MAKING AMERICA WORK
II. Recent Policy Trends Encouraging Work
First, we have changed the focus of welfare programs to encourage work. For example, the earned-income tax credit subsidizes the earnings of low- income workers, and the Welfare Reform Act of 199615 included many pro- work provisions.
Second, we have significantly reduced the income tax rates imposed on earned income. The maximum statutory rate is now just 35%, down from more than 70% in the 1950s, back when Ronald Reagan was just another movie actor.
Third, we have outlawed employment discrimination because of an individual’s race, color, religion, sex, national origin, age, or disability. The result has been a remarkable increase in the labor force participation of workers in the affected groups and increases in their relative earnings. For example, 59% of women are working today, up from just 43% in 1971, and women workers now earn 81% as much as men, up from just 63% in 1979.
Fourth, we have changed Social Security, pension, and labor market policies to encourage elderly workers to remain in the workforce. For example, we have banned employment discrimination against older workers, and we have outlawed mandatory retirement.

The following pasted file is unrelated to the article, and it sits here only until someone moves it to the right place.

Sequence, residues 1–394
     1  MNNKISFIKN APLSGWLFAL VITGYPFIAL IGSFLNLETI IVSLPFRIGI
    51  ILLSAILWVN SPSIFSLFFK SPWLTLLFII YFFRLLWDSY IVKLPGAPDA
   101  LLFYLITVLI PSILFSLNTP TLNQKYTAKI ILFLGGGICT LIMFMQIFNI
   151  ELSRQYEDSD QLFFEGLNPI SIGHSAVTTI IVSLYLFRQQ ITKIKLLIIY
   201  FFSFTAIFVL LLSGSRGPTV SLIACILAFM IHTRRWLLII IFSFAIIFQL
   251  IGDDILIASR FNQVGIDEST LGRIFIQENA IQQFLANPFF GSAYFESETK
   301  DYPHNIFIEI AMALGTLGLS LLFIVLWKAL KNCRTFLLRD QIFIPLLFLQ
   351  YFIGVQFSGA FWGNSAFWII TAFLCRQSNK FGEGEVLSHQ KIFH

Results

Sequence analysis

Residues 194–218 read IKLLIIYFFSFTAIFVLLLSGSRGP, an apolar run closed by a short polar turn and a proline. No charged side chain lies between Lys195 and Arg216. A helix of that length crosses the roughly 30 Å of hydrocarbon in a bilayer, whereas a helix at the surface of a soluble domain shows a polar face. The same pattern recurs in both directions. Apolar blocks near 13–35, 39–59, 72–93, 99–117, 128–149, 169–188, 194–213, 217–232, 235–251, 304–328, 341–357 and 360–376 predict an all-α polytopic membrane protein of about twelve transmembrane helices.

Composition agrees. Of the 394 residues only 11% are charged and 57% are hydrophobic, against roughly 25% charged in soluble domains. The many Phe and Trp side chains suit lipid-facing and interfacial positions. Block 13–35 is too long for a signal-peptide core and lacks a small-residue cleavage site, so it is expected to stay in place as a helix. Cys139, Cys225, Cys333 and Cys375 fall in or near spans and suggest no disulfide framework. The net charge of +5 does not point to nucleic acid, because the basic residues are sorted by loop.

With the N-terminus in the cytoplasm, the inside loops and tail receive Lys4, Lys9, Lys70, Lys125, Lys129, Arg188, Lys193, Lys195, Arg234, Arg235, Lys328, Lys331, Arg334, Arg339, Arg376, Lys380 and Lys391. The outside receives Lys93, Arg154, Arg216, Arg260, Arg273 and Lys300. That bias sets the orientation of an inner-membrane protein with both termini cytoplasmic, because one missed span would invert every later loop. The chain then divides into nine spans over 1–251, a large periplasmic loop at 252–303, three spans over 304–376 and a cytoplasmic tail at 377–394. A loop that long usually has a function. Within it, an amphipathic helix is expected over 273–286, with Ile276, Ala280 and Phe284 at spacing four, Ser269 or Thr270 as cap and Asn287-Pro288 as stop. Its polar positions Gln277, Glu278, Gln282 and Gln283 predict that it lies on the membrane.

III. The Need for Further Reform But, there is still more for us to do. A. Increase the Economic Rewards for Low-Skilled Workers
First, government policies should increase the economic rewards for low- skilled workers. That will make work more attractive than welfare, and it will make honest work more attractive than the wages of crime. Pertinent here, the United States has the highest incarceration rate in the world — 486 adults per 100,000 in 2004 — and the U.S. incarceration rate has increased dramatically in the past couple of decades. Indeed, Figure 7 shows that the number of people in prison or jail increased from 500,000 in 1980 to more than 2.1 million in 2004. Almost 90% of those incarcerated are men, and almost 56% of those men are under the age of thirty-five.
15. Personal Responsibility and Work Opportunity Reconciliation Act of 1996, Pub. L. No. 104-193, 110 Stat. 2105 (codified as amended in scattered sections of 42 U.S.C.).